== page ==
Perimenopause Answers

Perimenopause Mood Swings

If you've been going through this website, you have been learning the many different symptoms of perimenopause, and how each one can affect a woman's daily life. Most of these symptoms affect only the woman; symptoms like headaches, irregular periods, insomnia, hot flashes, etc. However, there is one symptom that affects more than just the woman. It also affects the people around her. This symptom is perimenopause mood swings.

What are perimenopause mood swings and what are its symptoms?

As always, the fluctuation of hormones during perimenopause can trigger mood swings. These hormonal changes affect a woman's emotional stability. As a result, the woman can go through drastic shifts in emotional state with often inappropriate causes or triggers to the abrupt changes. These fluctuations in mood are called perimenopause mood swings.

Symptoms of perimenopause mood swings include anger, irritability, lack of patience, anxiety, feelings of sadness to the point of crying, feeling nervous, and lack of motivation. The changes in a woman's mood happens frequently and can change without warning. These changes are usually attributed to the sudden increase or decrease of the hormones within her system.

When a woman has mood swings, she can be crying one minute then laughing the next, she can be really sweet and loving one minute then yelling at you the next. This is how mood swings affect more than just the woman. About 75% of perimenopuasal women will go through perimenopause mood swings.

What causes perimenopause mood swings?

The main cause for the mood swings is the fluctuation of hormones. Since estrogen influences the production of serotonin, a mood regulating neurotransmitter, the imbalance of estrogen results in an increase of serotonin receptor sensitivity, an increase in serotonin receptor levels, or an increase in serotonin production. Any of these increases can cause the mood swings.

Some women are at higher risk for perimenopause mood swings. Having a history of psychological problems or having psychological problems accompany the coming of perimenopause can heighten the chances of a woman's susceptibility to mood swings. These psychological problems include: stress, lonliness, having an introverted personality, relationship issues, past trauma, coping, and past mental illness particularly mood disorders.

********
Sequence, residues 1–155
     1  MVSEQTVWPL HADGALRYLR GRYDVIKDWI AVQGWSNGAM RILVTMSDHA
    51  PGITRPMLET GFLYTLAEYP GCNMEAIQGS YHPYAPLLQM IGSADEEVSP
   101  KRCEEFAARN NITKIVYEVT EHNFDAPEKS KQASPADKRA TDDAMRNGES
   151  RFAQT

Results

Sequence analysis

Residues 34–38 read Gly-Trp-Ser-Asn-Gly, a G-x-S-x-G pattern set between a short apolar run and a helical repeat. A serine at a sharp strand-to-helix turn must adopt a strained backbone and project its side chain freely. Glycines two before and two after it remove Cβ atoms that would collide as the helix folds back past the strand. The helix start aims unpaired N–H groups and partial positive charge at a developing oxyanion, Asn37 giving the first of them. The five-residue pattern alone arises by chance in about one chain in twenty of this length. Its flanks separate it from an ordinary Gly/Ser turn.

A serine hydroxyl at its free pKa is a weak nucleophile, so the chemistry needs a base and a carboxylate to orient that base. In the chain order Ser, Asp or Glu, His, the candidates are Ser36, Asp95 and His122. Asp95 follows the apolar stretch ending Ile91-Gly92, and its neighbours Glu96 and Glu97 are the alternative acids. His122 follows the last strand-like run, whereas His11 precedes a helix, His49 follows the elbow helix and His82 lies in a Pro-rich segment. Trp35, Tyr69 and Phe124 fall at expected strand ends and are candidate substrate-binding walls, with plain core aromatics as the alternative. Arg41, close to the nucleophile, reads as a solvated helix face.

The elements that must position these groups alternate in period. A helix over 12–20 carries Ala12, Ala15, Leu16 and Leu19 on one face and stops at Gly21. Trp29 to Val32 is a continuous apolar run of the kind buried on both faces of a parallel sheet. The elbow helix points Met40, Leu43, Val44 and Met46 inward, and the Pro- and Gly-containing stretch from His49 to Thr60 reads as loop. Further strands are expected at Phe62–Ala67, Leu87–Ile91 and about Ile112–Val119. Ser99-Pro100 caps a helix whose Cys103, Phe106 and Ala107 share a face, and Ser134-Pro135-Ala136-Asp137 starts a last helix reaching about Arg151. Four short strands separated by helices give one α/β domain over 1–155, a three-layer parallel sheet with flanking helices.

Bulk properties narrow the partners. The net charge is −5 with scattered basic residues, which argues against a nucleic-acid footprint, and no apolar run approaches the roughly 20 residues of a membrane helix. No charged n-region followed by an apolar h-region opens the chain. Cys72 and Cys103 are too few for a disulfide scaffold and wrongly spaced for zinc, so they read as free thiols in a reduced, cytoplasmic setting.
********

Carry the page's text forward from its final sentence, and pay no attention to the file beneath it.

Other causes of perimenopause mood swings include health problems like diabetes, heart disease, sleep disorders, use of sleeping pills or diet pills, use of SSRIs or HRTs, and excessive use of substances like nicotine, alcohol, amphetamines, and other stimulants. Sometimes a change in lifestyle or the other symptoms of perimenopause can trigger the mood swings as well.

Why should perimenopause mood swings be given attention?

Mood swings are a very serious symptom. In extreme moods, such as extreme happiness or elation (also known as mania) or extreme sadness or depression, a woman can put herself at risk or harm. In cases such as these, it is best to seek psychological help because a psychological disorder may have been triggered by the sudden increase of serotonin or its characteristics. Some psychological disorders that can be triggered by mood swings are bipolar disorder, clinical depression, and/or anxiety.

What can be done about mood swings?

If your mood swings are not extreme and have not triggered a psychological condition, you can naturally treat your mood swings through diet and exercise. First, avoid sugary foods and coffee so as to help stabilize your mood (you are trying to avoid sugar and caffeine highs and crashes.) Also, regulate your intake of starchy carbohydrates so as to regulate your levels of serotonin. At the same time, eat a lot of healthy protein or protein high in omega-3 fatty acids, which can help your body's amino acid levels. Finally, hang out with friends and make it a point to do things you enjoy. This will make your brain produce oxytocin naturally, which is one of the happy hormones of the brain.

If your mood swings seem to be extreme, consult a psychologist and they can provide a treatment method or prescription medication you can follow.

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